Lower Canyons Of The Rio Grande, Texas Canoe Expedition Reflections

Rio Grande scenery, with smooth water reflecting the sky.

Recently I joined up with two almuni in west Texas to canoe the 83-mile lower canyons of the Rio Grande river. We put in at Heath Canyon Ranch near La Linda, and paddled/poled/dragged 83 miles downriver to Dryden Crossing. It was a hard trip, marked by low water levels and headwinds, but the scenery was like nothing I’ve ever seen before.

First, the water levels. They were low. Locals said they’ve been low since they finished building a dam on the Rio Conchos in Mexico. Above the confluence with the Rio Conchos, the Rio Grande is often completely dry. The rivers are managed for agriculture and hydro-power, not for tourism or the ecology of the riparian zone. Link: More on the water levels of the Rio Grande and Rio Conchos.

What that meant for us was dragging across gravel bars, and lots of it, as well as a lack of current in the main river channel. When rivers get low, they often develop something I call a “pond and drop” hydrology. Long stretches of river with no gradient turn into ponds with no current, separated by sections where shallow water runs down over gravel bars of varying lengths, often without enough water to float a boat. This is what we found for the first half of the river. We were fortunate to get a bit more water on the lower river, allowing us to pole through shallow rips. But we definitely didn’t run the bigger rapids, as there was nowhere near enough water. This meant carrying twice and lining once. Of the 83 miles, about four were easy; the rest, on account of stiff headwinds and very little current, took significant work and was slow going.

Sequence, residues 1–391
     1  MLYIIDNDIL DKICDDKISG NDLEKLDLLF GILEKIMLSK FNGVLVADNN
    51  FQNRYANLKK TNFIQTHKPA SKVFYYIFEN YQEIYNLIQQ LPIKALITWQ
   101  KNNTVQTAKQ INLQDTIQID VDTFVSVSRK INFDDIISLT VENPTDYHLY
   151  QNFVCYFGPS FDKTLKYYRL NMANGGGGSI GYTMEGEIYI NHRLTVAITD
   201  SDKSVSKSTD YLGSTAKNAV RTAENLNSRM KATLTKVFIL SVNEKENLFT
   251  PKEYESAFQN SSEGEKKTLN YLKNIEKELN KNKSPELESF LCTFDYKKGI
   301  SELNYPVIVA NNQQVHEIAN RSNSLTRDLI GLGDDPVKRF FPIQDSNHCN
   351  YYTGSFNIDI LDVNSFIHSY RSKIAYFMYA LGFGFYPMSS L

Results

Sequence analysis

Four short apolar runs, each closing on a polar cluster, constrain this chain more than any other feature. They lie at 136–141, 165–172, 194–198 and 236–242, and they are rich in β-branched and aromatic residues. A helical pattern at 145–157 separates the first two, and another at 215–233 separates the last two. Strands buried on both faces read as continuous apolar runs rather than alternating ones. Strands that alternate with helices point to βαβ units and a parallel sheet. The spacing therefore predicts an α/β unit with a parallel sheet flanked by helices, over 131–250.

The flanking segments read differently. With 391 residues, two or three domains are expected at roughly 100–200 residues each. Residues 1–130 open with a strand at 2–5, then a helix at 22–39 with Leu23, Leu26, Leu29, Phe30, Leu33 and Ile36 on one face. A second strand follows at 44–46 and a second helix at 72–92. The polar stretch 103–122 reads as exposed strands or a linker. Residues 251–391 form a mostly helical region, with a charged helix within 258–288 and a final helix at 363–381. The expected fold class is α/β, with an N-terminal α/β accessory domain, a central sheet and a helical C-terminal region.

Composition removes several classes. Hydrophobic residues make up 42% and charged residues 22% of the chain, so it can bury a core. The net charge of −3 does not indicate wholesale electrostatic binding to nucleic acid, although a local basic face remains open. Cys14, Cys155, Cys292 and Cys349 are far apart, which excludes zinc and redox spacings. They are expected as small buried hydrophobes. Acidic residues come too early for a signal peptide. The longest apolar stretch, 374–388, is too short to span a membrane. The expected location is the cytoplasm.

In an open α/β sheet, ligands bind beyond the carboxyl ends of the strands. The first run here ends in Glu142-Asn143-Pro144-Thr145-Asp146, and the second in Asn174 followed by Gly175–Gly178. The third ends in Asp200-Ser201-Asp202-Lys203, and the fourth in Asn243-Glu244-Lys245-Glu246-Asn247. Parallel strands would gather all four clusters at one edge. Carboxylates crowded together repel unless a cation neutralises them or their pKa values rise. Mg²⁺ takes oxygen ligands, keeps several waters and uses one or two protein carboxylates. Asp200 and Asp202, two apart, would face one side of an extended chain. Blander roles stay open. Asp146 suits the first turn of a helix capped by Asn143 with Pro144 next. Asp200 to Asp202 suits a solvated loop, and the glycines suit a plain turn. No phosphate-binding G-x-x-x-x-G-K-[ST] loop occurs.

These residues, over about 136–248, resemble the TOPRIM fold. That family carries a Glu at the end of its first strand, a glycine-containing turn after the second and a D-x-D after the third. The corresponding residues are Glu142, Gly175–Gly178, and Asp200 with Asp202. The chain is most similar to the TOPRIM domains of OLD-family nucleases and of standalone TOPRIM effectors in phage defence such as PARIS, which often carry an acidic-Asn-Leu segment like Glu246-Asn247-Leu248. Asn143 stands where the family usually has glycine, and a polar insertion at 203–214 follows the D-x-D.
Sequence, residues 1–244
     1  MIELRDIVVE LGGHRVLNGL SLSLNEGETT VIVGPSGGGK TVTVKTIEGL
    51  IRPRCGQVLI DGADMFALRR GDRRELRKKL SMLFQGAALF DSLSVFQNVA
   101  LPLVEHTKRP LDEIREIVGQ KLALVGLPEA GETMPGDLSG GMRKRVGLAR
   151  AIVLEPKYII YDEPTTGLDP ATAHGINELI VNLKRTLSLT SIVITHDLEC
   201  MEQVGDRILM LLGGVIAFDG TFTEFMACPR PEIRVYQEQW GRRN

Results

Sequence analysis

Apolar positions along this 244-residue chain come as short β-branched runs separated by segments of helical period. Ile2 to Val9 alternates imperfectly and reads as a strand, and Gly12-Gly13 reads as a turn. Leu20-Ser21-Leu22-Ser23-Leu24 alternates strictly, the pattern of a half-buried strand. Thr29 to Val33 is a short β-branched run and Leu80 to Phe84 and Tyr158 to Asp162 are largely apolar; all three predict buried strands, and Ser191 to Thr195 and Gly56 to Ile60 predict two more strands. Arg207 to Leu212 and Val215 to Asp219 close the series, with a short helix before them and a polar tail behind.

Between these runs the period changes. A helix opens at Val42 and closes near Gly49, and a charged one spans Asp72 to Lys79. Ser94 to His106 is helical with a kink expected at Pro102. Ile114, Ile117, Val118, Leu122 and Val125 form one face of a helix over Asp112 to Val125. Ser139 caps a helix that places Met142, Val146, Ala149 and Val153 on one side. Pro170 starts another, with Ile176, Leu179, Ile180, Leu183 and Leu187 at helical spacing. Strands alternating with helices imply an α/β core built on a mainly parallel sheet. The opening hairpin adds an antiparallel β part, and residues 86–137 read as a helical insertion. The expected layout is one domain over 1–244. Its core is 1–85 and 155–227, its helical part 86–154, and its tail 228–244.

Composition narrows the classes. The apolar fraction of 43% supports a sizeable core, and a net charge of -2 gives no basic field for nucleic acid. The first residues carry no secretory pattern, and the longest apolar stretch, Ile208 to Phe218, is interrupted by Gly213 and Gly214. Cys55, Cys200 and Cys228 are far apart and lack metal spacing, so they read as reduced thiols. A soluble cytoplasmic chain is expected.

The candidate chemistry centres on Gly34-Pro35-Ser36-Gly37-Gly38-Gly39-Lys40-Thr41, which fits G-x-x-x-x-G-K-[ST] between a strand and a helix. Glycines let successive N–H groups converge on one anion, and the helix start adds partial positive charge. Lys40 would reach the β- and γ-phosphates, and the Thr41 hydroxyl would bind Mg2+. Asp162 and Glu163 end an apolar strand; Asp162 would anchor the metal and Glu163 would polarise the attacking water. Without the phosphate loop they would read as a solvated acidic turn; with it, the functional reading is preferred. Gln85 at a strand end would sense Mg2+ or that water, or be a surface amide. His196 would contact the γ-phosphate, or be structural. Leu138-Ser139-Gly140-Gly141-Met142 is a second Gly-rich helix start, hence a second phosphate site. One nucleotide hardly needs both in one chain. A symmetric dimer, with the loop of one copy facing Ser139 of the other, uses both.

This was my first desert paddling trip. There were no bugs to speak of, and no rain. We made camp along the river and slept out under the stars each night, even though we had two tents with us. We brought a portable toilet and packed out our poop, a fire pan to minimize campfire scars on the land, and a propane cook stove instead of cooking over an open fire.

The scenery was amazing. 1500 foot cliffs routinely rose straight up from the river. Once we passed through the outlaw flats, the remaining 50 miles were spent at the bottom of a series of named canyons. I’ve got a lot of photos and some videos, and will be posting them.

Overall, it was a fun and satisfying trip. I had an absolute blast sharing the river with friends, and the camps at night were full of laughter and shenanigans. I’d definitely do the trip again, but with the caveat that I’d want a bit more water next time. There are other rivers in the area, as well as other canyons on the Rio Grande, that I want to explore. Although no hard plans have been made, our small group of desert adventurers have been discussing the lower Pecos river, as well as some of the upper canyons of the Rio Grande, for next winter.

If you go, you need permits from the national park service to float and camp on the river, as well as a permit to takeout at a private ranch at Dryden Crossing. You’ll also have to track down a vechicle shuttle, or spend an extra day shuttling vehicles yourself.

Exploring out of the way places by canoe is one of my favorite things (along with raindrops on roses, whiskers on kittens and brown paper packages tied up with strings). Getting to do so with old friends, with great weather, amazing scenery was a huge bonus. Low water made it challenging, but at the end of the day I like a challenge. In all, it was a great trip and I’m richer for having done it.


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